(I may be a reckless punster, but an artist I am not. In case you can’t tell, that’s supposed to be a pair of watch hands on top of a sort of old-school keyhole-looking thing. Because, you know, the contents are…classified. I also apparently forgot to remove the guidelines from the template, but I think I’m just going to leave it like that. I spent about 5 minutes on this beautiful creation, and that’s all the time I’m willing to give it.)

Learning the Ropes

So, back to app-making.

The first step, as always, was to do some research. I needed to figure out two things: does SwiftUI really make it as easy to build apps as Apple claims, and how does Swift even work?

Probably the most useful resource I found was, unsurprisingly, the official Swift documentation. It’s well organized, written clearly, and features just enough example code to ensure that a newbie can understand what the heck is going on. Already having a decent background in this stuff surely helped; if I were completely new to coding, something like an online course would have been much more useful.

Another cool site I came across was Hacking with Swift. Among its offerings are the sort of online courses I mentioned above, but it also has lots of articles that briefly (with examples) explain various aspects of Swift programming.

I also kept coming back to this article about binding user interface elements to centralized data stores from the fabulously named LearnAppMaking.com.

And of course, there’s the Apple Developer Documentation. It’s an invaluable source of information, but there’s one thing that always drives me crazy about it. I always feel like whatever page I’m reading gives me just enough information to kind of understand something, but the moment I try to actually start doing it, I realize I still know nothing—until I do a whole bunch of Googling and scraping of the internet for the missing pieces. Nevertheless, it gets a shout-out too, especially because I did find some of Apple’s sample apps very helpful.

Putting It Together

Once I’d done enough homework to get started, well, I started! There was, of course, plenty more reading and research to be done along the way, but after a couple days, I finally had something to show for my work.

Apple: Please accept my apology. I did not depict these devices to scale as requested in your marketing guidelines. Does it help that I’m not trying to market anything?

The app met most of the objectives: I could program in a schedule on my phone, send it to the watch by tapping a button in the bottom toolbar, and view the current period’s countdown on the watch app. What it couldn’t do was show this countdown as a complication directly on the watch face. The phone app was also kind of messy looking.

So after taking a break for a day or so, I got back to work. This time, I was determined to make my app look much more like a “real” iOS app. I studied the user interface of some of Apple’s first-party apps as well as a few others on my phone. I even read some of Apple’s Human Interface Guidelines.

A Second Attempt

I ultimately settled on a tab-based interface and decided to put the actual settings for each school day and class period in a separate navigation pane. This made it easier to see each list at a glance, and it eliminated the need for a kludgy workaround to solve an issue related to out-of-bounds array indexes when deleting entries. I was also able to use the standard “+” button for adding new items. The one downside was that I had to relegate the “Send to Watch” button to its own tab. (In a future version, as soon as I figure out how to get background data transfers to work correctly, I should be able to eliminate the button altogether.)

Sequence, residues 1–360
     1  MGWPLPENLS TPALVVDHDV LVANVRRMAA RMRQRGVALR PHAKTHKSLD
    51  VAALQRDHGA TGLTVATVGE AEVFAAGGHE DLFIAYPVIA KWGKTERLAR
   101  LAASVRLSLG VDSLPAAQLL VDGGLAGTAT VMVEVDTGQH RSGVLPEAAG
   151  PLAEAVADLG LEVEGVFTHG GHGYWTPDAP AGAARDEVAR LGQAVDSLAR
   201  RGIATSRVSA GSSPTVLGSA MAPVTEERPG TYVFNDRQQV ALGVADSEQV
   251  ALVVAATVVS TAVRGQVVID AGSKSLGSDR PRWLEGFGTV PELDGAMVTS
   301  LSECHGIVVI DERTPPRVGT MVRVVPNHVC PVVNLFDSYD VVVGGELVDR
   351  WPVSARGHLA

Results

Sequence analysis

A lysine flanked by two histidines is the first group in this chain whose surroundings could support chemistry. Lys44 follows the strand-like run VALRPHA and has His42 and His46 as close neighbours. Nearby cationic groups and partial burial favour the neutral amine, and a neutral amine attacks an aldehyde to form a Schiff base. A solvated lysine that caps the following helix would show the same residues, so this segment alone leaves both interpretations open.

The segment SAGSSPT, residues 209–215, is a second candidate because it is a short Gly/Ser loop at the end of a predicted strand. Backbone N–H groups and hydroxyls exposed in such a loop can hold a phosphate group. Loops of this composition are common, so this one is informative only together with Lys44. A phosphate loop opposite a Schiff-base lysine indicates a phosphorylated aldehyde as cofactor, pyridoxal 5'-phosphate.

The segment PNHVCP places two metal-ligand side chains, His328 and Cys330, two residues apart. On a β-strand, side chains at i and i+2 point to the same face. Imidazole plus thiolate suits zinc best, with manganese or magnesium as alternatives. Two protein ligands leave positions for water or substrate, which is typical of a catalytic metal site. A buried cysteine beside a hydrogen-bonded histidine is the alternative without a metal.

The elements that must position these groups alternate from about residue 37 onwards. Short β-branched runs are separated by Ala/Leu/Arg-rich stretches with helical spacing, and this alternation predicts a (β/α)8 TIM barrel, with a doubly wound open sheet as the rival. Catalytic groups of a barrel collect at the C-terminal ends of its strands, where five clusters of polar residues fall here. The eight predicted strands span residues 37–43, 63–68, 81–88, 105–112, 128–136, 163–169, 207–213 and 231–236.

Here’s a breakdown of how it all works.

Days

You start by programming in each school day:

You give each day a name (at my school, we call them Red Days and Blue Days) and, optionally, a color. You then tap a button which pops up a calendar that lets you select a bunch of dates to assign that day to. This is a little tedious, but it ensures that the app conforms exactly to the school’s block scheduling system.

Classes

The next tab lets you create a list of classes:

In the example, I have them named by period, but you can also use the actual course names. Each period needs a start time and end time. And then, there’s a set of on/off toggles, one for each type of day created in the previous tab. This lets you tell the app which class periods meet on which days. At my school, we rotate back and forth, with even periods meeting one day and odd periods the next. But for many years, we had one shorter period that met at the same time every day. By using the toggle switches, this app is able to accommodate that!

Settings

The final tab contains the aforementioned “Send Schedule to Watch” button, which does exactly what it says:

The one caveat is that the watch app must be opened and active in order for it to receive the schedule. (There’s supposed to be a way to send data where the message sits patiently in a queue until the watch app opens, but I couldn’t get it to work. I’ll try again at some point.)

Watch App

The watch app is very simple:

There are no buttons or anything to handle user interaction. It simply examines the current date, figures out what kind of school day it is (if any), and then shows you what class (if any) is supposed to be meeting at the current time. If a class is indeed in session, it also displays a countdown timer indicating when the period will end.

Complication (and Frustration)

The final piece of the puzzle is the watch complication: